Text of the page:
September 12, 2011
In May, Obama bellied up to the podium and promised to support democracy in supposedly nascent revolutions in the Middle East and said Egypt and Tunisia would be lured into the fold with billions of dollars in “financial incentives.”
“We’ve borne witness to the beginning of a new chapter in the history of a great country and a long-time partner of the United States,” he said in February after Hosni Mubarak said he would not seek re-election.
That was then, this is now. Now Egypt’s Supreme Council of the Armed Forces – apparently considered democratic by Obama and the State Department – has expanded emergency laws and clamped down on the press. It asserted the new law in response to large demonstrations outside of the Israeli embassy.
Now the army plans to shoot and kill demonstrators outraged by the transition from a military dictatorship to a military dictatorship without Hosni Mubarak in the president’s office.
“Egyptian authorities have detained a further 92 people and vowed to use live ammunition to protect key buildings following the storming of the Israeli embassy last week, which left three protesters dead and provoked the worst crisis in Israel-Egypt relations for a generation,” reports the Guardian.
“If there is a danger to a building or those present inside the building, we will confront with bullets,” warned the interior minister, Mansour al-Essawy.
In addition to shooting people, the military government has imposed an expanded “emergency law” that targets the media and labor strikes. On Sunday, Egyptian security forces raided the offices of an Egyptian affiliate of the Al Jazeera news network in response to its coverage of street protests.
Al Jazeera Live Egypt was founded in the aftermath of the uprising and “has become known for its attentive, if not sensational, coverage of street protests, including the Israeli Embassy attack on Friday,” according to the New York Times.
Following the ouster of Mubarak, the “transitional” military government said it would put an end to the emergency law. “Eight months after protesters toppled President Hosni Mubarak and the military took power on an interim basis, many supporters of the protest movement say they are concerned that the military rulers are backsliding on reform pledges,” Reuters reports.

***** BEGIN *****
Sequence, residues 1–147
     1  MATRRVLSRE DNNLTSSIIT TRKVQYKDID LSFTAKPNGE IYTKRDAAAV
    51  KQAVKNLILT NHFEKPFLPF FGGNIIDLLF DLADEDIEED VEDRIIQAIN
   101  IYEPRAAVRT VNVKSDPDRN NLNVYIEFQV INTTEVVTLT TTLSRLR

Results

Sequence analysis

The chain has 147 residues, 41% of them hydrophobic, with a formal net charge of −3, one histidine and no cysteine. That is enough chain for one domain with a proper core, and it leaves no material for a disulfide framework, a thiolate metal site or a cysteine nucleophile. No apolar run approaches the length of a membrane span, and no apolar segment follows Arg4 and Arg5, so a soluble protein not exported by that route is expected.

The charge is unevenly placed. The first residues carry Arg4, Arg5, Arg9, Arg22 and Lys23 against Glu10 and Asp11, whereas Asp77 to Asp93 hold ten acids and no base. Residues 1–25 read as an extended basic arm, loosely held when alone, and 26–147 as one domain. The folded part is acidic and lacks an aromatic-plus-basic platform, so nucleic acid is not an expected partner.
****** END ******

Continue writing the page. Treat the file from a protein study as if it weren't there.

Mubarak imposed the Emergency Law in 1967. Under the law, police powers were extended, constitutional rights suspended and censorship legalized. It circumscribed any non-governmental political activity, including street demonstrations and non-government approved political organizations.
It should be noted that the U.S. has long supported the military repression of the Egyptian people, not only under Mubarak but also his assassinated predecessor, Anwar Sadat.
“Egypt under Mubarak uses its billions in U.S. military aid to detain, beat and torture dissenters, opposition politicians and journalists; many have died in custody. Thousands of political prisoners and pro-democracy activists are held in overcrowded, disease-ridden prisons, without charges or trials. Press restrictions, including newspaper shutdowns, are widespread,” Mark Zepezaue wrote in 2003, well before the so-called “Arab Spring” was orchestrated by USAID, NED, and CIA-infiltrated NGOs.
Mubarak, like so many clients before him, considered generous U.S military aid as an “untouchable” reward for keeping peace with Israel, according to leaked documents posted by WikiLeaks. Mubarak, however, like Saddam Hussein before him, made the mistake of taking the U.S. at its word and failing to realize no country is safe from the betrayal of the globalists as they play pawns off against each other in a game of world conquest.
For his loyalty to the United States and Israel, the ailing 83-year old autocrat now spends much of his time in a courtroom cage where he awaits his fate.
Mubarak’s fate was sealed after he refused to go along with the banksters in their effort to privatize state-owned industries in 2010. He made the decision partially in response to growing dissent by thousands of workers who staged demonstrations outside Parliament “complaining about the loss of jobs, wages and social protections, often in connection with businesses that have been sold. With so much turmoil, and with parliamentary elections this fall followed by a presidential election next year, the political calculus was obvious, officials said,” the New York Times reported on June 27, 2010.
The Egyptian military has promised to conduct elections in November, but considering its increasingly draconian response to demonstrators it remains to be seen if they will allow elections or continue Mubarak’s legacy of imprisoning, torturing and murdering the opposition that opposes the poverty and misery delivered by financial elite and their minions at the IMF and World Bank.
This article was posted: Monday, September 12, 2011 at 3:02 pm